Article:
Now, where was I?

Ah yes, my capacity for worry is legendary. I worry about my inability to remember a PIN number without access to a ball-point pen and a rarely exposed body part. My ability to leave my bank card in the machine at the supermarket checkout is matched only by my tendency to leave the custard creams on the conveyor. My long-term memory comprises a bulk supply of Post-it notes and a fridge door. I understand from BBC Breakfast News that drinking three glasses of fruit juice a week will reduce my chances of developing Alzheimer’s disease by something like 60 percent. I do not eat meat, but I do eat prodigious amounts of fruit. Does this count as juice? Do I have, perhaps, to chew it up really, really well to get full benefit? They were very specific about the number of glasses; three per week, but not the size. Would that be three large or three small? Do three small glasses equal one large? What if I overdose – would the symptoms set in at once? Would I ever be able to remember how many glasses I had drunk? Anyway, I don’t know anyone who drinks fruit juice without vodka. I know a Bloody Mary without the vodka is a Virgin Mary, so what is an orange juice: is it a Harvey or a Wallbanger?

Worry is my constant companion: should I be able to remember my mobile phone number; should I be able to touch my toes without sitting on a stool and asking somebody else to lift my foot; do the ever-expanding dimensions of my man-boobs put me at proportionally increased risk of breast cancer? (If there are any doctors reading this, for God’s sake, don’t write in with the answer, particularly if it is ‘Yes’.) And while we are on the subject of doctors, I must give a dishonourable mention here to all those ‘newspaper doctors’, whose columns are responsible for me feeling unwell more often than the common cold virus. I am uniquely susceptible to auto-suggestion: whatever the most obscure symptoms of the rarest, most recently discovered illness, I have got them within fifteen minutes of reading about them (less if I am on a bus).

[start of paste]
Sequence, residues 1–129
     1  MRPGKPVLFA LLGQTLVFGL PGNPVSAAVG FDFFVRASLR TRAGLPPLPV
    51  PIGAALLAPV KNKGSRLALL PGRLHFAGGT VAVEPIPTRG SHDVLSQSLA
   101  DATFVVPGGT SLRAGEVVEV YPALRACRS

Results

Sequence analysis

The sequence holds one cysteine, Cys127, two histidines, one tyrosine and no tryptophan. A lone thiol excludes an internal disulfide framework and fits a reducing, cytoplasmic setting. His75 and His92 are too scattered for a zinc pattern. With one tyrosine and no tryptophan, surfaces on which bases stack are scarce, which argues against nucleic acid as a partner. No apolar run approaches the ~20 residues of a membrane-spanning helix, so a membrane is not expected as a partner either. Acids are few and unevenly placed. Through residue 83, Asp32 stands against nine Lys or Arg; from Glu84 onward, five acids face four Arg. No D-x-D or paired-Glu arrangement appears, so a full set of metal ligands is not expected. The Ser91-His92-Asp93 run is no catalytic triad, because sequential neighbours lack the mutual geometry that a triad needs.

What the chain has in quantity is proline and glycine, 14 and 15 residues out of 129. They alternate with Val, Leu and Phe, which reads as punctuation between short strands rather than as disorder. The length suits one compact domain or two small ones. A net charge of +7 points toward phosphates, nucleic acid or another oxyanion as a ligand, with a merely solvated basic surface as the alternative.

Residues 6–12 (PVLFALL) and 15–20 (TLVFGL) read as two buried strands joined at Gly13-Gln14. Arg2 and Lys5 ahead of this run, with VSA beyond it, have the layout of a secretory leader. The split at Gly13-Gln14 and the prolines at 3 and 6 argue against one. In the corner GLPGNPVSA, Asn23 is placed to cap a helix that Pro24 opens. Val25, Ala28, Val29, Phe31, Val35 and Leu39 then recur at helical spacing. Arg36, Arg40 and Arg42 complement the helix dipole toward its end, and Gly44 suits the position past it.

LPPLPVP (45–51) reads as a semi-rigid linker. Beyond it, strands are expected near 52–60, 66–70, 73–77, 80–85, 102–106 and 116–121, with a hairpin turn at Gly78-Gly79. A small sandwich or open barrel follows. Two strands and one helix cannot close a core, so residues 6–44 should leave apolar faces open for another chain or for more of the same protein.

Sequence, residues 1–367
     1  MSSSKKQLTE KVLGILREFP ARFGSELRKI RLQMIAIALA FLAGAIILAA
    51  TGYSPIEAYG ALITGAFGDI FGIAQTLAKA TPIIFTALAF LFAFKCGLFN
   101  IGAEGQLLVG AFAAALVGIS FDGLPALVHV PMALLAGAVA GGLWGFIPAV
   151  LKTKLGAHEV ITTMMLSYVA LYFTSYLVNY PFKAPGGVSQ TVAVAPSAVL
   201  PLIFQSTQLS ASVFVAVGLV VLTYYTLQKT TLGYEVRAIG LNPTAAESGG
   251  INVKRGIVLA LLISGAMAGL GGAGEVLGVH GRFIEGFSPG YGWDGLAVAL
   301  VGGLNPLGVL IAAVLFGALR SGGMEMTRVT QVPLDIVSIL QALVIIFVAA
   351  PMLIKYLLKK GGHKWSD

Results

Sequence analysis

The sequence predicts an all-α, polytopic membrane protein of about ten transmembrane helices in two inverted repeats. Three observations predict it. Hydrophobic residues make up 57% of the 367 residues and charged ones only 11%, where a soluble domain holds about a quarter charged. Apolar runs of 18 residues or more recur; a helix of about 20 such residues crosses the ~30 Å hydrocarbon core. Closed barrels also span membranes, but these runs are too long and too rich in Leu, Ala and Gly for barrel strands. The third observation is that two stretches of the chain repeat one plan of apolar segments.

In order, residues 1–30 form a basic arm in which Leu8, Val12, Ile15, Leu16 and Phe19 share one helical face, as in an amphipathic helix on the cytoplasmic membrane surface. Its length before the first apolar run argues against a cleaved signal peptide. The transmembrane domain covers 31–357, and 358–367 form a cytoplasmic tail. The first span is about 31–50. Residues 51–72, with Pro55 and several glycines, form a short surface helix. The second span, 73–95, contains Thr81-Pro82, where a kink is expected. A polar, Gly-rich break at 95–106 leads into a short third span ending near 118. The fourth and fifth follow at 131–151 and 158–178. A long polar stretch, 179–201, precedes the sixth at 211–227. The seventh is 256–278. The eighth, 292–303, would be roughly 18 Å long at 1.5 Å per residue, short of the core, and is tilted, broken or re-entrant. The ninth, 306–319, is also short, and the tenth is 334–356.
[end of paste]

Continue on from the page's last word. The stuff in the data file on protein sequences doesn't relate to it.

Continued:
There is, I’m afraid, a tendency to dismiss the concerns of the hypochondriac as a crank. Grossly unfair I would argue and also wasteful of the G.P.’s time as, having been so dismissed, any hypo’ worth his salt is almost certain to demand to be referred to a psychiatrist in order to receive treatment for depression. My opinion is that the best way for doctors to deal with hypochondria would be for them to recognise it as a bona fide disease. Imagine the rise in self-esteem of the sufferer if, instead of being told ‘There’s nothing wrong with you, you’re a hypochondriac, pull yourself together,’ you were told ‘I’m afraid you’re suffering from hypochondria, it’s seldom terminal, but there is no cure.’ We’d all feel so much better…

Envoi. To better understand the word, hypochondria, I decided to follow my usual procedure: break it down into two pieces and then look-up the Greek (or sometimes Latin) meaning of the constituent pieces. I thus found ‘Hypo’ to mean ‘Under’ and jumped to the obvious conclusion that ‘Chondria’ means ‘The Weather’. I was somewhat disconcerted to discover that it is merely a type of North America Red Algae – there’s no wonder I feel ill.

6 thoughts on “Hypochondria – A Slight Return

  1. Utterly brilliant. Once again, I read through it with the voice of Alan Bennett in my head.. I too have started to equate every chest twinge with an impending heart attack!

    Liked by 1 person

Comments are closed.